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The Daily times-enterprise. (Thomasville, Ga.) 1889-1925, May 22, 1889, Image 3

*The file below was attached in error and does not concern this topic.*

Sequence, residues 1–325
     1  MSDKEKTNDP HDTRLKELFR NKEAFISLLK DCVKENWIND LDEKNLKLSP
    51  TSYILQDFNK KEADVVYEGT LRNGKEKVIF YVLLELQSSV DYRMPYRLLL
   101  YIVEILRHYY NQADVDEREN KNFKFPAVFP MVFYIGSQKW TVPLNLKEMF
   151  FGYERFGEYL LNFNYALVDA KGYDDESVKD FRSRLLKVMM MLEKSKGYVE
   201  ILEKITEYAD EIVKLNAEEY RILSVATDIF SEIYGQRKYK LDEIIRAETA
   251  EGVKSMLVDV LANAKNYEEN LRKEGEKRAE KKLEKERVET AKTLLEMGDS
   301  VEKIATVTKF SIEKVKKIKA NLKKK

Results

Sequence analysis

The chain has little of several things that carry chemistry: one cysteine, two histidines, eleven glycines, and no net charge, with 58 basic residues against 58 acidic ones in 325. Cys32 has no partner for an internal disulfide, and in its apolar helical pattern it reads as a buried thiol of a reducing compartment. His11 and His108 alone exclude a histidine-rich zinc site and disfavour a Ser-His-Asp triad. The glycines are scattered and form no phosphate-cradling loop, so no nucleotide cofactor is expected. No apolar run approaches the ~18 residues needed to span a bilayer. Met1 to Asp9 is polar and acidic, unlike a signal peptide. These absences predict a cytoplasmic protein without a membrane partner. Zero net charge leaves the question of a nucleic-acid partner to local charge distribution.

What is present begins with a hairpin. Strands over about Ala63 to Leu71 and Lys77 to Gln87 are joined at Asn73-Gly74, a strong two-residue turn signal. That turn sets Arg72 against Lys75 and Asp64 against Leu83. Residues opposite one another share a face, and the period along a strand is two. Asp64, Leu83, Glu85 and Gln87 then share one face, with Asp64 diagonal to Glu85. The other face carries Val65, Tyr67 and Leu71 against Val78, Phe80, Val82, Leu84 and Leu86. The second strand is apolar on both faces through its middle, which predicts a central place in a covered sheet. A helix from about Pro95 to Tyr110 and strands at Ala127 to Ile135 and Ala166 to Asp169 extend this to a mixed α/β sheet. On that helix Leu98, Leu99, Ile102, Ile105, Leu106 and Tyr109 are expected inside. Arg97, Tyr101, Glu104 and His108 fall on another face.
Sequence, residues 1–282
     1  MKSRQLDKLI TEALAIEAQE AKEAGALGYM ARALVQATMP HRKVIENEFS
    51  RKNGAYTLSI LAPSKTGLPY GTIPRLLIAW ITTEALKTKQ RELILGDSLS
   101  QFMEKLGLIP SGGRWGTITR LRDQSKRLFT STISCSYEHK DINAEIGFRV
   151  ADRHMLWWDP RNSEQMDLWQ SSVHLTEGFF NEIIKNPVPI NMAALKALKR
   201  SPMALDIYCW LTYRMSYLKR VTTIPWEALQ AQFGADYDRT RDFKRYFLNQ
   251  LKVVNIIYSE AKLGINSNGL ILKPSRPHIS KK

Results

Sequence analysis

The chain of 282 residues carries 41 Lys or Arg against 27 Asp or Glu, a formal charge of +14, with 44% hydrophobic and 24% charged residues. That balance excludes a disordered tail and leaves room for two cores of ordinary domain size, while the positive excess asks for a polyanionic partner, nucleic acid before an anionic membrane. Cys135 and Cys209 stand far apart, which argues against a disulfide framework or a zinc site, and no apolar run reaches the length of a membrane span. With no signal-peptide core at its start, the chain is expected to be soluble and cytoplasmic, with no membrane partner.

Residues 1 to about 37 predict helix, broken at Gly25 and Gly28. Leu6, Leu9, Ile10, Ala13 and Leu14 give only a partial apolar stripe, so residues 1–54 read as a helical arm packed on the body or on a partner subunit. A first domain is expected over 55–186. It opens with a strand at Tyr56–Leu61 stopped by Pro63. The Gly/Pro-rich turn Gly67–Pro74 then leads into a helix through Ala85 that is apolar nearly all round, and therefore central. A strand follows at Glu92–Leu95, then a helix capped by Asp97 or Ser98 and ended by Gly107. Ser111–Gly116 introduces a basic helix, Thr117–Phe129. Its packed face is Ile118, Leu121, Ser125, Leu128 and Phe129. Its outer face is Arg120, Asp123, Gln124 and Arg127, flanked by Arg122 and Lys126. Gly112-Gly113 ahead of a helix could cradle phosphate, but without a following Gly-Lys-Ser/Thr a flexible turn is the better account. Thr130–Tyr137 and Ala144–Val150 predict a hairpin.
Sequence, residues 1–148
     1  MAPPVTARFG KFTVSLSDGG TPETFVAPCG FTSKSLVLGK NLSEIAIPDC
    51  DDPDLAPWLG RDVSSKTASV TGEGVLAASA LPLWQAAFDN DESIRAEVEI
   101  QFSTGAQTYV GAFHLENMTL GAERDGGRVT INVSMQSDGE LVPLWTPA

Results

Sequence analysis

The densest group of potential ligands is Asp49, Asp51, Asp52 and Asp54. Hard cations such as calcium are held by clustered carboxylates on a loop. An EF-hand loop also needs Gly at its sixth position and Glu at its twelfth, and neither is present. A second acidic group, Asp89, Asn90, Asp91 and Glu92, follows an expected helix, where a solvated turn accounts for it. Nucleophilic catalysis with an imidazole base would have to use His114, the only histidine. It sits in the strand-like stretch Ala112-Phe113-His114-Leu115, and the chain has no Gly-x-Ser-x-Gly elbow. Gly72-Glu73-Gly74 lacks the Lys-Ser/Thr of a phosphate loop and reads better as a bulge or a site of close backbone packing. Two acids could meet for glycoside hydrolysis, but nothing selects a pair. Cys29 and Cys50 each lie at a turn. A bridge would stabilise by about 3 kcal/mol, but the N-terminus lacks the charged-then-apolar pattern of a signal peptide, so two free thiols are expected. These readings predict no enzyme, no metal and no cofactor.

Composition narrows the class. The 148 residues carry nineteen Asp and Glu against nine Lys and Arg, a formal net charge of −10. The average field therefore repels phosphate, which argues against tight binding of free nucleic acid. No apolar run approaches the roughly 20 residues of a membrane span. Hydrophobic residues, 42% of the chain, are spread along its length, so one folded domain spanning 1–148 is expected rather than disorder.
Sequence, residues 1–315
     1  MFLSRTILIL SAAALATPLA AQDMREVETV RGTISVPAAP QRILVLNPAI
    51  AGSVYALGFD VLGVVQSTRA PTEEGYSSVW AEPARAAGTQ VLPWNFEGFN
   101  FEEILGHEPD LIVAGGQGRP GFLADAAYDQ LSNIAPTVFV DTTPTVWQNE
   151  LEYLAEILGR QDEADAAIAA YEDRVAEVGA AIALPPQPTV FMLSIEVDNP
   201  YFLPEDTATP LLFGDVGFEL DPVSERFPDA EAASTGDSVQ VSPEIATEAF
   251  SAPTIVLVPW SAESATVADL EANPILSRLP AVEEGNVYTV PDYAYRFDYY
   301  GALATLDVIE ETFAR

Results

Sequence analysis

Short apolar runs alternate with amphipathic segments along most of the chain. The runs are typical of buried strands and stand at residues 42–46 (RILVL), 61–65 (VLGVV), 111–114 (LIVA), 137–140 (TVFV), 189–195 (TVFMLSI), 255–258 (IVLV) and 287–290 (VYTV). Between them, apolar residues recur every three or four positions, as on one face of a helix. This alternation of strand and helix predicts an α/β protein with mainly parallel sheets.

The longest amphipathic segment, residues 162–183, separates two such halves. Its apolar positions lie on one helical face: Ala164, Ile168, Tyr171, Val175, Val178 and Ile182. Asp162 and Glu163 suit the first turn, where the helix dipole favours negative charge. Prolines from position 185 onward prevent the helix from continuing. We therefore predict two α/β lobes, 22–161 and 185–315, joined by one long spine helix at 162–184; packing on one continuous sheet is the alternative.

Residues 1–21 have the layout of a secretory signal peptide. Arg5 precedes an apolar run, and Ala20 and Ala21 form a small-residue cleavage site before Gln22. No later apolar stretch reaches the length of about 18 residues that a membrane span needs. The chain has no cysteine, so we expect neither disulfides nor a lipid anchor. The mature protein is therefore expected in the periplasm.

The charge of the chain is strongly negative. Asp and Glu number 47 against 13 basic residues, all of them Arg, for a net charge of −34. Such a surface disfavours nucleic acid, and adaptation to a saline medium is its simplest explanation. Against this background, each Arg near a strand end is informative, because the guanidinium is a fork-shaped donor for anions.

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SPECIAL BARGAINS I In order to reduce our tre mendously large stock of Dry malice. Goods, Clothing, etc., we offer special inducements in the wav of prices, in every de partment of our two large stores. A NEW DEPARTURE: Bargain Coulter. The Ladies will take ad vantage of the good things to he found on our bargain counter. > Dont fail to see our BARGAIN COUNTER. H.Wolff&Bro The attention of the gen tlemen is called to the splen did bargains we offer in Clotli- THE DAILY TIMES-ENTERPRISE. ALBERT WINTER. City Editor. VKDNESDAY, MAY 22, 1889 Local Schedule. Fast mail for Savannah Ar... 9 25 a m «• •• “ I,v...i2 40pm •* “from “ Ar... 131pm “ “ for Chattahoochee Lv... 200pm Train for Albany Lv... 9 30am “ from *• Ar... 520pm “ “ “ for Savannah Lv...C50pra Freieht*an<i aocom. fipm Wayc..Ar... 3 45pm « “ •• for “ Lv... 8 40am •• •» “ “ Chatt. Lv... 4 45 pm •• *• •• from Chatt. Ar... 7 15 a m •• “ •• for Albany Lv... 4 26 pro “ “ •» from “ Ar... 7 55am THOMAS VILLE AND MONTICELLO. Froieht accoro. for tfouticello Lv...845 a in “ “ front •• ...,Ar...tt20 p m Fastmaflfor “ ....Lv...2 06 p m “ “ from “ ....Ar.. 1210pm The Reporter. The Augusta Chronicle thus sums up the ubiquitous, hard-worked news paper reporter: The most interesting, most niisun derstood, most abused, and most court ed character in public life to-day is the newspaper reporter. Afany people do not discriminate be- tweeirNhe duty of the repotter and that of the cdiior. They think it is the duly of the reporter to praise or condemn, and that the report of any public occurrence is an evidence ofthe sentiment of the paper in reference thereto. The province of the reporter is simply to report what transpires. The voice ofthe paper is heard through its editorial columns. The reporter usua ly tries to present things in their best light, and writes down naught in Your secrets are safe with the report er. ' Though the average man doesn’t believe it, the reporter has his share of discretion, and while he will hear all you have to say to him, he does not talk a great deal himself. He is not half so bad a tellow as some folks would make you believe, and the av erage town has a great many worse citizens than its newspaper reporters. The reporter is thoroughly good-na tured. He never harbors malice, and will listen good-naturedly to a little ward politician who declares he is al ways misrepresented in the paper, and will smile complacently at the state ment that a reporter couldn’t tell (he truth’with a rest. The fact is the reporter does not lie. He simply allows his goodness of heart on some occasions to hold back the whole truth. When he reports the Rev. Mr ——’s sermon, and passes bv (he fact that it was a long, tiresome and narrow minded disquisition on a threadbare subject and omits the statement that (lie audience were turn ing uneasily in their seats and stealing sly pet ps at their watches for ten min utes btlore the speaker gave out—and confines his report to a tew of the best parts of the sermon, and states that the speaker is an earnest, zealous work er in the vineyard of the Master, that is not mendacity, but charity. He interviews the prisoner in hisccjl, the prosecuting attorney at his desk, the judge on the hench; he hears the murderer’s story from his own lips,and writes down the dying statement of his victim; he details the drunken affray in the brothel and reports the church conference; he writes up the proceed ings in the divorce court, and hurries to the marriage altar to congratulate the bride and groom; he depicts the scene of destitution in the beggar’s hov el! and hurries into his dress suit to report the leading society event of the season; he chronicles the arrival of his friend’s first born, and writes the obit uary of the oldest inhabitant. “With malice towards none and 0 charity for all,” he pokes his pencil ing Underwear, Shoes and into every public assemblage and pri- T?,Tiniahin<r Goods. vale gathering; he is on hand at the race course, and first in his pew to hear j the preacher denounce the profligacy ; of the age and the sin of betting and 1 horse-racing; he i„ early at the political : gathering, and punctual at the school ; commencement; he is on the ground in a riot, and occupies a conspicuous j place in the peace congress; he deals : kindly with the "drunk and disorderly,” I and reports fully at the temperance ! convention; he reports a prize fight, j and hurries to the meeting of the Y. . M. C. A.; he may be said to be “first in war, and first in peace,” but not in the hearts of his countrymen. Wc arc offering Goods — cheap in order to reduce our ^t,t not loved, the reporter is ,r courted. He comes high, but we must immense stock, * _ h^.ve him. It matters not what the You are respecttully invited entertainment may be, the rqiorter is to call early and inspect. a necessary adjunct to its success. * I Because, how arc your friends to know - ' it was “the most elegant affair of the season,” if the reporter does not let , them know through the columns of the . morning paper? How are ths people to know that the acting of Miss Smith ! as l’arihenia, in the private theatricals at the palatial residence of her wealthy ' parents, was equal to that of Mary An derson, and in the role of Ingomar people respond. As a public meeting the thing is a flat failure, but the few assembled go ahead and pass the res olutions. Then and there the thing would end in a hopeless farce did not the reporter come in with the invigo rating pencil, and leaving out of the report those who did not attend, refer in enthusiastic language to those who were there, and tell what a solid foun dation the movement is on, what earn estness was manifested by Mr Blank and Mr. Brown, and tne great unani mity with which the resolutions were passed. He ha not misrepresented anything He has simply omitted to state that people who were deeply in- terested in the movement did not even lend their presence to the success of the meeting, and has written instead all the good things lie could, and has placed the matter before the people in such a light that they regret they were not there, and the work of the canvas sing committee is reduced to the mini mum. This is not lying, nor is it misrepre sentation. It is simply spreading, the energy, enthusiasm and public spirit of a tew men over the rest of the com munity in a way they cannot have the opportunity to do by personal contact, and it is putting forward the best side instead of the worst. Many enterpris es which else would have been still born, have been called by the reporter into vigorous life, and grown into great public benefactions. Few new enter prises or public undertakings can be shown, to which the work of some faithful reporter has pot largely con tributed. And yet it is almost as thankless as that ot the umpire, who, if he decides right, gets no praisrf* for doing simply what he ought to have done, and if lie decides wrong, is uni versally cussed out. The reporter can do good work for a month and nobody will ever say a word to him; Jie will make some little man a hero for the day, and the little fellow will take it simply as a matter of course, and nev er feel called on to say s “I appreciate jour kindness;” but it the reporter ac cidentally gets his initials wrong, or makes some trivial mistake or unim poriant omission, that same little fs! low will swear that he never saw a re porter get anything right. Moral: Treat the reporter well. He is at work for the common good of all- No class of men do more for others, and none receive less thanks, to his tqost intimate friends, who were wholly unaware of the latent genius within him, unless the reporter, with h'.; cnciianted pencil, furnishes the ! open sesame to the unpopular car. A public meeting is called to act ppop some important matter. A halfdojen Council Proceedings. _ CovncilJRooms, May 20,1880. Council met in regular session, Mayor Hopkins presiding. Aider- men Wright, Whiddon, Merrill, Mitchell and Hayes present. Minutes of Inst meeting rend - nnrt confirmed. Alderman Merrill offered the fol lowing resolution, which was adopted: Resolved. That on the 26th day ot June, 1889, the election be held to decide whether or not the town shall issue bonds for purchasing a park, and for other things, as provided bv act of Sept. 21st, 1887, aud that no tice thereof be given as required by law. Alderman Merrill offered following ordinance, which was .passed on first and second readings: Bp it ordained by the Maypr qud Board of Aldermen of the oity of rhomasville, assembled— Sec. 1. That a committee of three members of the board be appointed, as other committees are now appointed, to be known as the auditing commit tee. Sec. 2. That no bill or claim against the cltv shall be paid by the treasurer until the same lias been first referred to said committee at a regu lar meeting of council, and reported favorably by said committee at the next succeeding regular meeting thereafter. Alderman Wright reported that Council would need money, and he was, on motion, authorised to borrow from J. W. Mnsury the sum of 83,000. Alderman Mitchell reported all the apnratus for laying water mains to bo ou hand, and asked for ohain-gang to put at work on same next Thursday. Granted.’ Following accounts passed for pay ment: A. McDougall 828,06; Gordon Steam Pump Co. 816.45. Claim of Itev. J. M Austin was re ferred to cemetery committee, with power to act. Mayor was authorized to buy a mule for the city. The clerk aud superintendent cf water works was granted further time to make full report. Council adjourned. W, H. Mitch ill, Clerk pro tern, Cancer is a form of blood poison which is not understood by the medical profession as to its real nature and character, but it is evidently hereditary in its nature. It may accidentally develop itself with out any predisposition or evidence of existing poison. The knife or caustic salves have heretofore been the so- called remedies for it, but all. honest practitioners will tell you iha' this irealmem fails to cure, and only has tens fatal results. Thousands ofcas<-s of epithelioma (skin) cancers, have been en'irely cured by the use of Swift's Specfic It forces ihe 'poison out through the cancer itself, and the pores of the skin. My father had cancer ; my husband also had cancer, in fact died with it. In 1875 a lump came on my nose, which steadily increased in size, and alarmed me. I used various remedies —salves and other applications, and finally tried to burn it out, but the sore returned worse than ever, growing larger and more angry, until 1 deter mined to try Swift’s Specific. I took the medicine, and it soon made a com plete cure. I know that S.S.S. cured me, because l discarded all other rem edies. This was several years ago, and I have had no sign of the return of the cancer. Mrs. M. T. Maben, April 5U1, 1889. Woodbury, Tex. Treatise ou Blood and SkiD Diseases mailed free. TnE Swift Specific Co., Drawer 3, Atlanta, Ga. NOT A PIMPLE 0NHIN NOW. Bad trill* Kxsc*nm. Hair nil Clone. Ncnlp covered with ernplionH«Thouffht hie hair would auVcr ffiow. .Jared by remedied. Hair splendid and not a . pimple on him. I cannot say enough in praise of the Cuticura Remedies. My boy, who when one year of age, was so baa with eczema that he lost all his hair. His scalp was covered with eruptions, which the doctors said was scald head, and that bis hair would nevercrow again. Despair ing of a cure from physicians I began the uso of Cuticura Remedies, and, am happy to say, with the most perfect success. His hair is now splendid and there is not a pimple on him. I recommend the Cuticur i Remedies a* the most speedy, economical, and sure cure for skin dis eases of infants aud children, and feel that ev ery. mother who has an afflicted child will thank mo for so doinp. Nrs. M.K. WOODSUM, Norway. Mo A Fever More Eight Years Cured. 1 must extend to you tho thanks of one of my customers, who lias been cured bv using Cuticu- -a Remedies, of an old so re. caused by a long spell of sickness or fever eight years ago. He was so bad he was fcarfnl he would have to have his leg amputated, but is happv to say he is now entirely well,—sound as a dollar, lie requests me to use flis qam<\ which Is II. H, Cason, merchant of this nlaoe Severe Scale Disease Cared, A few weeks ago my wife suffered very much from a cutaneous disease of tho scalp, and re ceived no relief irom the various reinedios she Uhcd until she triid Cuticura. The disease drompt v yielded to this treatment, and In a short while she was entire y well. Tbere has been no n't' rn o. the disease and Cuticura ranks vo. 1 in our estimation for disease* o» the skin. Itev. J. •* ,v mnnrrr r» n Catlcura ltcmcdles. Are a positive euro for cverv form of skin, scalp, and bleocl diseases, witn loss of hair, from pimples to scrofular, except possibly ltchtbjo- sis. Sold everywhere. Price. Cuticura. 5oc.; Soap, 25.; Resolvent, JJl. Prepared by tho Potter Drug and Chemical Co., Boston, .Mass IGp-Send for “How to Cure Skin piscases," 04 pages, SO illustrations, and too testimonials. RiRV’Q NMn and scalp preserved and beauti- DflD I 0 flen by Cuticura Soap. Absolutely EVERT MUSCLE ACHED. Sharp aches, Dull Pains, Strains and weaknesses relieved in one min ute by the Cuticura Anti-Pain Plas* ter. "Thefirst and only instantaneous pain-kill- ing, strengthening plaster. 25 cents. FOR RENT, The Episcopal Rectory, on McI.can Ave nue/ Possession given at once. Apply to Rev. C. I. LaRoche, tf. Fletcherville. In order to make room for cash groceries, tye find that wc must offer some rare bargains m shoes. We mean business 'when we say bargains and if you need shoes don’t fail to call ' . M. P. PlCKKTT. Roval Crown Baking Powders in glass, at “ * T. J. HALL k BRO.’S., Grocers. Mi 8. Chilsloy: “I sec statistics show that seventy-five per cent, of the male criminals are unmarried.” Mr. Chils loy: “Which shows how tiiaqy qieq prpfer the peujtentjary to matrimony.” 4-ud the ensuing silence was so deep young Mr. Jones was a revelation even Mp. Chilsley could hear herself reflect, MCSQU1TO BARS. Of all kinds. A good bar complete (or $1.75. Patent bcudstcad a»(nc;hin«nta. Agent for Anqstrftpg-e patent canopies. mado In waTnu(, cherry- arid antique oak'. ' Geo. W.Forbes. May 17 tf, Mosury Building. LEMON ELIXIR. A Pleasant Lemon Drink, For bil'ousr.esa and constipation, take cm on Elixir. For iudigextion ami foul stomackc, take Lem on Kltx c. For sick and nervous headache, tuke Lemon Elixir. For sleeplessness and nervousness, take Lem on Elixir. For loss of nppotite and debility, take Lem on Elixir. For fevers,« hills and malaria, take Lemon Elixir. Lemon Elixir will not fail you in any of the Above diseases, all of width arise from a torpid or diseased liver, stomach, kidneys, bowtls or blood. Prepared only bv Dr. H. Mozeley. Atlanta, t»a 50c, and 81,00 |>er bottle. Spjd Uy druggists. A Prominent Mmister Waites. After ten years of great suffering from Indi gestion, with great nervous prostration, bili ousness, dlsoruero I ki neys and constipation, I have been cured by Dr. Mozeley’s |.emou Elixir, and n> now a well map. llcy. C, C, Davis, Ebi. 51. K. Church South .May 14, d3m. No. 28, Tatnall, St. Atlanta, Ga, Old ladies fine low cut Buskiu baud made, luw heel, soft noiseless bottoms, easy to the tired feet. Cost you 82 anywhere else. Can get them at Pickett’s for $1.25. Got to make room for cash groceries, ip! J-tf. hcifi A C\ilpcpncv are keeping up with the procession, (hey have secured the agency of the famous Star Mineral Water, *(\i< fipwt preparation known lor dyspepsia, It is gliarnntef.i to out*. ’ -I G If MAKE A REST. Excursion tickets at low rules will be so\d to all summer resorts throughout the coun try bv the Tennessee, Virginia and luring la Railway, commencing June 1st, good to return on or before October 3lst. * East train service with Pullman car*. i\.\y. wfiK.vy, ten. Pass, (,nd Ticket Agt. -.A-T- L. STEYERMAN & BRO.’S T-wo Cases o Latino, At 3 1-2 Cents per Yard. * R.E3VEE1M: dER THE PL A.033: L. Steyerman & Bro.’s. One Case 4-4 Bleaching At 6 l-2c. CLOTHING-! CLOTHING! Our Bargains the talk of the town. Com petition completely baffled. and be convinced. L. STEYERMAN & BRO., I2» HROAD STREET. THOM AS VILLE. ONE WIIO KNOWS. The following testimonial is from a gentle man who knows our formula and is thor oughly acquainted with the curative prop erties of our Tonic. The way to know the merits is to try the article. Any physician who desires the formula of Cali say a Tonic may obtain it from the Westmoreland Cali- saya Tonic Company, Greenville, 8. C. This letter U from a malarial section: West Point, Mist Having shown me the formula for making your Tonic while in your city the past sum mer, I take great pleasure in recommending it. 1 am delighted with it, having given it in my practice shcccssfully; and to members of my own family suffering from u malarial texmnia. Very truly, B. S. Duncan, The complicated diseases brought ou by intense study, thought, care, anxiety, etc., arc often of the most serious nature* Heed such symptoms as loss of memory, universal lassitude, heart disease, kidney complaints, liver troubles and a general breaking down of health and strength. When thus afflicted, when the least exertion causes great fatigue, when life seems a burdcu. use the reliable strengthening tonic, Brown’s Iron .Bitters. It will afford you sure relief. THE~WOMEN PRAISE Vb. B. The suffering of women certainly awakens the sympathy of every true philanthropist. Their best friend, however, is B. B B. (Bo tanic Blood Balm). Send to Blood Balm Co., Atlanta, <ia., f or proofs. H. L. Cassidy, Kcnncsaw, Ga., writes: “Three bottles’of B. B. B. cured my wife of scrofula." Mrs K. M. Laws, Zalabr, Fla. writes: "I haqe never used anything to equal B.B.B." Mrs. 4*. H. Gav, Rocky Mount, N. C., writes: "Not r dav fo 45 years was I free from headache. B. ft. B. entirely relieved me. I feel like mother person." .fas. VV. Lancaster, Ilawkinsvillo, Ga , writes: ** by wife was in bad health for eight vears. Five doctors and many patent medicines bad done her no good. Six bottles of B. II. 11. cured her." Miss S. Tomlinson, Atlanta, Ga., says: "For years ! suffered with rheumatism, caused by kidney trouble aud indigestion, 1 was also Ye« ble and nervous. B. 11. B. re lieved me at once, although several other mediciues hud tailed." “Rev. J M. Richardsou, Clarkston. Ark., writes* "My wife suffered twelve years with rheumatism and female complaint. A la y member of my church had been cured bv !L B. B.» She persuaded mi wife to trv it, who now guys there is nothing liko B. II. B., as it quickly guve her relief.*' WHOLESALE AND 4 RETAIL -./V.ALEKS iv— Hay, Grain, Bran and Mill Feed, 114 BROAD STREET Goods Delivered Prnnivtly. Prices as Low as the Lowest! Give us ti call and we promise to please you, B. D. FUDGE, THOMASVILLE, GA., DEALER in HARDWARE Stoves, Iron, LAUNDRY. Send us your laundry. Collars, .02}^ each, cuffs, .05 per pair, shirts, .10 each. Wc guarantee all work to be neat and clean. Send before 8 o’clock a. in. Wednesdays. C. II. Yocxo Co. KILLFLIES. Insect I’owdor Fly Paper. CasSF.I.s' PlI.VitM.VCY, 118 Broad street. * JERSEY MILK. Fatties desiring fresh, pure Jersey milk, from Jersey Farm, will bo supplicd,‘in any quantity, delivered, on application to, or by addressing JOHN CHASTAIN. April 10, 1889. TAILORING. Thou; is un end to all tilings, so the people say, but tlioro Is no ond to tho splendid fitting clothing made at 81 Droad street. Cleaning and repairing doncxin the neatest manner. Givo me a call. Jons- Kekn’y. PIANOS ANl) ORGANS. W. S. Brown, the Jeweler, lius se cured the agency for nil the lirst-oloss Pianos and Organs, wliioh ho is soiling at the lowest prices (or cash or on long time. Those desiring to purchase will do well to learn Ins priccsnnd terms. Miuiia, Gi. I have hud w eak bungs nearly all my life, have taken <piiu: a number of Kxpectorunts Without any npnrent benefit. I am now us ing lltcwer's Lung Restorer and I ean safely aflirnr it is the only remedy from which i have ever derived any benefit. W. 1.. Marti.v CATARRH Cl’REI), health and sweet breath secured, by Sltilol Catarrh Remedy Prieo 50 cents. Nasal Injector free F.adios line kid button shoe, box toe and worked hole, worth 82, sold at Pickctt’B for 81,10. Takes lots of room for oheap cash groceries. Men’s hand sewed, best American calf, Congress and Balmorals. Sold everywhere for 85.50 to 86. Sold at Pickett’- for 84. More room for oheap. groceries. INVALID'S CHAHt. An invalid lady wishes an adjustable invalid s chair. Any ono having such att | article (or sale or hire, will bo placed in communication with her on application at this ofilco. it I Tin and Hollow Ware, Guns if Sutii Goofs of all kinds, and agent for’ King’s Powder Cg. .ptu-ltm MILLIItfERY, MISS c: F. COLLINS. * ITOHELL HOUSE’ BLOCK, Takes occasion to notify the citizens of Thomssritle and surrounding country that she lias just received her usual elegant as sortment of Spring mid Summer Milliucry, lino of iibracing ;i large and beautiful Hats, Bonnots, ST. AUGUSTINE PALMETTO GOODS, GLOVES. ARTIFICIAL FLOWERS, Aud all articles usually Millinery Stove. A Urge assortment kept in a tirst-class a targe assortment ot Embroidering lineu. Real Scotch Linen Floss, in all colors. The Bargarran Art Thread: Rope Floss, German Cord; Real Scotch Linen Crochet Thread, cream and white* Embroid ering and knitliug silk in all colors. Stamping’ ^ Pinking Of all kinds promptly executed. Dress-Making In all its branches douc iu Hie best stylo and at reasonable rates. An inspection of goods aud prices respectfully solicited. The Elmwood, Marietta, Ga. Tliis new uml beautiful hotel, elegantly fursiihed, ELECTRIC BELLS, GAS, First elos, iu all of its appointments, bos been leased by M. G. Whitlock, former own er uml proprietor of tho Ute "WHITLOCK HOUSE.” Ilia table and service will satisfy the mow fastidious. Ilia licda are delightful. Tcreaa reasonable. Address, M. G. WHITLOCK, Mariettas Ga.